Mary: An Elephant Story | Mt. Kenya Wildlife Conservancy Mary’s Story • The Elephant We’ll Never Forget By Iris Hunt Somewhere roaming the vast wild-lands of Tsavo in Southern Kenya, There’s an Elephant who carries with her part of my heart. I haven’t seen her for many years now, but I think of her often Wondering if there’s any truth about Elephants “never forgetting.” Wondering in particular, if she might remember how it was with us At the perilous start of her life – a chance ill-matched pairing Of a substitute mother and lost waif of a child? I’ll never know… Jomo Kenyatta The year is 1975 Kenya is still a young republic – just 12 years on from its New Age rite of passage to Uhuru – “freedom” – from British colonial rule. Its first President, Jomo Kenyatta, is a figure of immense stature. Only the future would tell how strong this young Nation would prove facing the winds of change that now sweep the continent. We too are oddly unaware of the magnitude of changes and challenges facing us. William Holden and Don Hunt No one speaks. QED!
Rare Vegetarian Spider Discovered In a possible affront to its fierce meat-eating relatives, one jumping spider prefers to dine vegetarian, munching on specialized leaf-tips of acacia shrubs, finds a new study. The eight-legged vegetarian, called Bagheera kiplingi, lives in Central America, and is now considered a rarity among the world's 40,000 or so spider species, most of which are strictly predators, feeding on insects and other animals. B. kiplingi is about the size of a person's pinky nail. "This is really the first spider known to specifically 'hunt' plants; it is also the first known to go after plants as a primary food source," said study researcher Christopher Meehan of Villanova University in Pennsylvania. Essentially, the spider employs hunting strategies to get past guard ants that keep the acacias safe from other herbivores. B. kiplingi spends its entire life on the acacia shrubs, and so must avoid the ants at all times. The strategy seems to be successful.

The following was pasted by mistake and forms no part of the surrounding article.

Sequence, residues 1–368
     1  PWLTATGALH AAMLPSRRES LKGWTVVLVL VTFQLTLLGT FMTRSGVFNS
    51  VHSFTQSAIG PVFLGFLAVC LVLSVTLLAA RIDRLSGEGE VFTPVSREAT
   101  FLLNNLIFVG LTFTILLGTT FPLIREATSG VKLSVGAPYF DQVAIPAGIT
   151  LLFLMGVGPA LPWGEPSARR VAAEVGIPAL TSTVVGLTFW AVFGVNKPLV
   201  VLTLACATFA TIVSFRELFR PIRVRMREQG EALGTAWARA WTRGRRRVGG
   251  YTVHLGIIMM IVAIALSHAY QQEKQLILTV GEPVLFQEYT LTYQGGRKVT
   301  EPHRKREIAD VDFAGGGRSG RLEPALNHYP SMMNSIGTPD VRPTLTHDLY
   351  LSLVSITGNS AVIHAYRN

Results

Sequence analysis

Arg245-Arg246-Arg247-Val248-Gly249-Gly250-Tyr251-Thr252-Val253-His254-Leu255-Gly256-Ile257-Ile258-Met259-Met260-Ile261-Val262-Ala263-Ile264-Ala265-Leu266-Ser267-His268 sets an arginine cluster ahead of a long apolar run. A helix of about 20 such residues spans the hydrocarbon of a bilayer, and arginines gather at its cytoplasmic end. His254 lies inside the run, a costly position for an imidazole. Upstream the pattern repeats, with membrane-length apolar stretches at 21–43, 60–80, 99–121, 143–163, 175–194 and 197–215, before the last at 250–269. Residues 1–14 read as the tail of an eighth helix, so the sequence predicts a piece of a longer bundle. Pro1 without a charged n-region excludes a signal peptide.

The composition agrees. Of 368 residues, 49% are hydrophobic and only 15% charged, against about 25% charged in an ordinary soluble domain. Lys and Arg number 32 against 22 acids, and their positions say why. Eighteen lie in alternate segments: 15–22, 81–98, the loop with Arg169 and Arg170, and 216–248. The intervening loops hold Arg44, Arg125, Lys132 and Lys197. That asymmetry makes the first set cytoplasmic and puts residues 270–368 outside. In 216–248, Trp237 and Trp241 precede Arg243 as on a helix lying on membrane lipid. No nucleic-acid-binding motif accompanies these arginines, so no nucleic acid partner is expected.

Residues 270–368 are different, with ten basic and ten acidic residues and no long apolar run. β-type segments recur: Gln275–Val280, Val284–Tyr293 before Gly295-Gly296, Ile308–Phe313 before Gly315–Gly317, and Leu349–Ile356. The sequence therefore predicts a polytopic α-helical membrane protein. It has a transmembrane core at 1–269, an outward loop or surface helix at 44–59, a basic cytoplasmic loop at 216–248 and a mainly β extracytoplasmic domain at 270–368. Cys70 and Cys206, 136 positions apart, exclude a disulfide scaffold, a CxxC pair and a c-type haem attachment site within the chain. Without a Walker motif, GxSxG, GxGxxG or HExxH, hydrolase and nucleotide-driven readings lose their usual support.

Project Nim All Critics (133) | Top Critics (32) | Fresh (128) | Rotten (3) | DVD (1) This haunting life story is an exquisite example of non-fiction filmmaking as full-bodied, emotionally complex drama. Project Nim nimbly serves up a profoundly sad tale that raises as many thought-provoking questions as it answers. This many-faceted time capsule sheds little light, but buried inside it are vexing questions and the still-beating heart of a special creature. You end up fearing for the humans who contact him. You're left with the impression that, despite not being able to grasp basic human grammar, perhaps Nim was unwittingly conditioned into understanding the concept of love. For the second film in a row, Marsh has created a movie we can't keep our eyes off. This smart doc should prove the perfect summer antidote to most of summer's films that require you to turn your brain off to enjoy them. If there's one thing Marsh knows, it's how to reach your deepest emotions. A tragic chronicle of animal abuse.